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Langston Hughes’ and Emily Dickinson’s Poems Essay

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Langston Hughes’ Poems

Langston Hughes, the famous poet of his time, speaks volumes and volumes to the people living in contemporary society through his captivating poems, which seem heavy-laden with crucial messages. For instance, his poem ‘The weary blues’ addresses at large the issue of discrimination and lack of employment of the Negroes. Hughes, through his choice of words and explanation, brings out to the audience how the poor Negroes loiter on the Lenox Avenue streets some, playing old pianos.

The descriptions of the scene demonstrate the extent of Negroes’ poverty and level of unemployment as they play the pianos on the streets to attract sympathy from the passers-by. Lines “Swaying to and fro his rickety stool”, and “I heard that Negro sing, that old piano moan” adapted by Hughes illustrate the reality and the conditions in which the Negroes go through. The author, therefore, demonstrates his agitations through such stanzas. The stanza that best illustrates the author’s anguish and concern about his Negro reads, “And I wish that I had died”.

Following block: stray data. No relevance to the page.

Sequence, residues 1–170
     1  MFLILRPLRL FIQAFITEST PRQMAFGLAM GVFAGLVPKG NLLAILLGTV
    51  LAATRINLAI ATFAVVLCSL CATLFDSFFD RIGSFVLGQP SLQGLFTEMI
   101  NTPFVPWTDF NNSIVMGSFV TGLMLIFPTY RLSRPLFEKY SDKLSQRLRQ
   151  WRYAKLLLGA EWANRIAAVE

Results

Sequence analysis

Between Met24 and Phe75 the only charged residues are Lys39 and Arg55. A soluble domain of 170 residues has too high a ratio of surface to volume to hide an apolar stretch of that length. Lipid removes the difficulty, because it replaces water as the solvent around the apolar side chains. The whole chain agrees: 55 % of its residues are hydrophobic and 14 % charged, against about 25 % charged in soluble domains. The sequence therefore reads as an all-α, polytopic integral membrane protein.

Hughes also expresses his love, understanding, and wishes to fight racism in his poem, ‘Theme for English B’ that is simple and full of ideas expressed coherently and systematically. The author through the poem sends a strong message to his colleagues, the Americans, to stop racial and color discrimination.

The lines, “being colored does not make me not like the same things other folks like who are other races,” clearly depict that discrimination based on races and color does not help in any way and does not change the way someone thinks and reasons (Connelly and Trimmer 12). Therefore, the poem aims at making the Americans judge the black Negros and other people not necessarily based on their skin color but as their brothers and sisters, embracing them as fellow human beings with similar capabilities.